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Inserra v. Berryhill

United States District Court, D. New Hampshire

February 21, 2018

Kristen Inserra, Claimant
v.
Nancy A. Berryhill, Acting Commissioner, Social Security Administration, Defendant

          Karen B. Fitzmaurice, Esq. Penelope E. Gronbeck, Esq.

          ORDER

          STEVEN J. MCAULIFFE, UNITED STATES DISTRICT JUDGE

         Pursuant to 42 U.S.C. §§ 405(g) and 1383(c)(3), claimant, Kristen Inserra, moves to reverse or vacate the Acting Commissioner's decision denying her applications for Disability Insurance Benefits under Title II of the Social Security Act and Supplemental Security Income Benefits under Title XVI. See 42 U.S.C. §§ 423, 1381-1383c (collectively, the “Act”). Claimant asserts, among other things, that the ALJ failed to give appropriate weight to the opinions of her treating physician. The Acting Commissioner objects and moves for an order affirming her decision.

         For the reasons discussed below, claimant's motion is granted, and the Acting Commissioner's motion is denied.

         Factual Background

         I. Procedural History.

         In September of 2013, claimant filed applications for Disability Insurance Benefits (“DIB”) and Supplemental Security Income (“SSI”), alleging that she was disabled and had been unable to work since July 18, 2013. Claimant was 42 years old at the time and had acquired sufficient quarters of coverage to remain insured through December 31, 2017. Claimant's applications were denied and she requested a hearing before an Administrative Law Judge (“ALJ”).

         In January of 2016, claimant, her attorney, and an impartial vocational expert appeared before an ALJ, who considered claimant's applications de novo. Seven weeks later, the ALJ issued his written decision, concluding that claimant was not disabled, as that term is defined in the Act, at any time prior to the date of his decision. Claimant then requested review by the Appeals Council. That request was denied. Accordingly, the ALJ's denial of claimant's applications for benefits became the final decision of the Acting Commissioner, subject to judicial review. Subsequently, claimant filed a timely action in this court, asserting that the ALJ's decision is not supported by substantial evidence.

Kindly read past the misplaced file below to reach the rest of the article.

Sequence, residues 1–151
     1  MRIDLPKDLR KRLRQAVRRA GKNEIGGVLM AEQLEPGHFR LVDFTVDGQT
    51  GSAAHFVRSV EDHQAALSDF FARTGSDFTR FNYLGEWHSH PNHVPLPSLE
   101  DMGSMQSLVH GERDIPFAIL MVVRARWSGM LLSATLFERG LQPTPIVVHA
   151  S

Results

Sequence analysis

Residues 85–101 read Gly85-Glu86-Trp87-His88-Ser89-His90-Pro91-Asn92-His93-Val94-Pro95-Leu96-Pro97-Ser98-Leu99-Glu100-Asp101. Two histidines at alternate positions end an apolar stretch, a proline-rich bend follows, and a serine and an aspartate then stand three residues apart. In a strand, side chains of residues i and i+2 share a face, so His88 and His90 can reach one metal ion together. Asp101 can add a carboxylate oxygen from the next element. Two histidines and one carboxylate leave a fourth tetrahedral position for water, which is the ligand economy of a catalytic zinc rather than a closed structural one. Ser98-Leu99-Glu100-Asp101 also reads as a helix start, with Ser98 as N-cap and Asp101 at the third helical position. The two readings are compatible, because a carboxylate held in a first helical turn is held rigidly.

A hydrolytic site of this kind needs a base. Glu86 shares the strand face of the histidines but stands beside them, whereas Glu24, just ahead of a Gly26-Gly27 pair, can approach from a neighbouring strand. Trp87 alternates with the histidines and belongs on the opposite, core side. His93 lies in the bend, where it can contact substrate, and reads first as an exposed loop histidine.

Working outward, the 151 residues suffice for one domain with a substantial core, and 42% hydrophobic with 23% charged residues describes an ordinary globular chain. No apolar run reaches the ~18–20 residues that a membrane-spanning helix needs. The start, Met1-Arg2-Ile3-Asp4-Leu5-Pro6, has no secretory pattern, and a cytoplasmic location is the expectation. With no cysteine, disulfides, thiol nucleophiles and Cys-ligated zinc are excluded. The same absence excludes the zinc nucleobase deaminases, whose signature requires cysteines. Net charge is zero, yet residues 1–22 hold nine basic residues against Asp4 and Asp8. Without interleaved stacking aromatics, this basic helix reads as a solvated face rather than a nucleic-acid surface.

Claimant then filed a “Motion to Reverse” the decision of the Commissioner (document no. 7). In response, the Acting Commissioner filed a “Motion for an Order Affirming the Decision of the Commissioner” (document no. 11). Those motions are pending.

         II. Stipulated Facts.

         Pursuant to this court's Local Rule 9.1, the parties have submitted a joint statement of stipulated facts which, because it is part of the court's record (document no. 12), need not be recounted in this opinion. Those facts relevant to the disposition of this matter are discussed as appropriate.

         Standard of Review

         I. “Substantial Evidence” and Deferential Review.

         Pursuant to 42 U.S.C. § 405(g), the court is empowered “to enter, upon the pleadings and transcript of the record, a judgment affirming, modifying, or reversing the decision of the Commissioner of Social Security, with or without remanding the cause for a rehearing.” Factual findings and credibility determinations made by the Commissioner are conclusive if supported by substantial evidence. See 42 U.S.C. §§ 405(g), 1383(c)(3). See also Irlanda Ortiz v. Secretary of Health & Human Services, 955 F.2d 765, 769 (1st Cir. 1991). Substantial evidence is “such relevant evidence as a reasonable mind might accept as adequate to support a conclusion.” Consolidated Edison Co. v. NLRB,305 U.S. 197, 229 (1938). Importantly, it is something less than a preponderance of the evidence, so the possibility of drawing two inconsistent conclusions from the ...


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